ASSESSMENT OF THE ROLE OF GOVERNMENT AGENCIES IN PUBLIC PRIVATE PARTNERSHIP IN HOUSING DELIVERY IN NIGERIA
Nigeria faces a tremendous shortfall in housing provision, especially in its urban areas. Consequently, Public – Private Partnership in housing provision has been adopted as a means of addressing this problem. Several previous studies have focused on the role of government agencies in the government – provider approach to housing, but adequate attention has not been given to the role of government agencies in public – private partnerships in housing. This work attempts to fill this gap in literature by examining the role of government agencies in public – private partnerships in housing. A study of thirteen (13) government agencies in six selected Nigerian cities with more emphasis on the Imo State Housing Corporation was undertaken. The findings indicate that though the agencies tended to focus on the provision of access to land and the regulatory frameworks for housing development, the majority of Nigerians have not benefited from this arrangement. The work recommends that government agencies should also be involved in providing basic amenities and subsidies to ensure that public – private partnership housing serves the interest of most Nigerians.
1.1 BACKGROUND TO THE STUDY
Housing has been universally recognized as one of the most essential necessities of human life and is a major economic asset in every nation. Adequate housing provides the foundation for stable communities and social inclusion (Oladapo, 2006). Gilbertson, et al (2008) observed that there is a significant association between housing conditions and physical and mental health of an individual. People’s right to shelter is thus a basic one and the provision of decent housing to all requiring them should be the hallmark of every civilized society and one of the criteria for gauging development.
Housing delivery is a highly contentious and politicized issue that is of great concern to administrators, scholars and the public in Nigeria.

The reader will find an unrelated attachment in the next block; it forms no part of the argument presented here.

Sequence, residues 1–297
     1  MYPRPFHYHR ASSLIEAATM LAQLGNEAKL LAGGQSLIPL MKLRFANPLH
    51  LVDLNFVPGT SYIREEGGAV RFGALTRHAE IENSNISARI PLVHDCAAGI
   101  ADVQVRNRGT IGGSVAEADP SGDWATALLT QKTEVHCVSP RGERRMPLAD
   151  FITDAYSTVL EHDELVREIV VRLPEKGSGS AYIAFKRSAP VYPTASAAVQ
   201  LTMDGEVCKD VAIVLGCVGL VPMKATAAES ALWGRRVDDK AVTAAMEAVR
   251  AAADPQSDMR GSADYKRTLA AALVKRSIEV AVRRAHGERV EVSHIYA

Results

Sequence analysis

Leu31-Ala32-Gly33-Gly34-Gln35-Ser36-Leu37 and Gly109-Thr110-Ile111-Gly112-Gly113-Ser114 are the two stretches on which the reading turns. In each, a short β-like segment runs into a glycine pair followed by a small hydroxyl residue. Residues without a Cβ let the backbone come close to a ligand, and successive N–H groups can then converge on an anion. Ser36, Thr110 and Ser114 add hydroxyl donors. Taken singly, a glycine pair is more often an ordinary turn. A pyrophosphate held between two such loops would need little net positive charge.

In the last few decades, the influx of people into urban areas, the natural population increase and inadequate responses by the government have contributed to the worsening housing situation in this country, to the extent that economic development and the welfare of the citizens are adversely affected (Akinmoladun and Oluwoye, 2007; Ademiluyi and Raji, 2008). These problems have become more critical in the cities, where huge housing supply deficits, dilapidated housing conditions, high cost of housing as well as proliferation of slums and squatter settlements exist (Iyagba and Asunmo, 1997; Adedeyi, 2005; UN-HABITAT, 2006b; 2006d; Daramola, 2006).
As a result, a large majority of urban residents, particularly the low-income earners who constitute about 50% of Nigeria’s 140 million people (Oxford Police Management, 2004) are forced to live in conditions that constitute an affront to human dignity (Alkali, 2005; Coker, et al; 2007; UNFPA, 2007; Aribigbola, 2008).
However, the provision of adequate housing in Nigeria and other developing nations alike still remains one of the most intractable challenges facing human and national development. Previous attempts by all stakeholders, including government agencies, planners and developers to provide necessary recipe for solving the housing problem have yielded little or no success.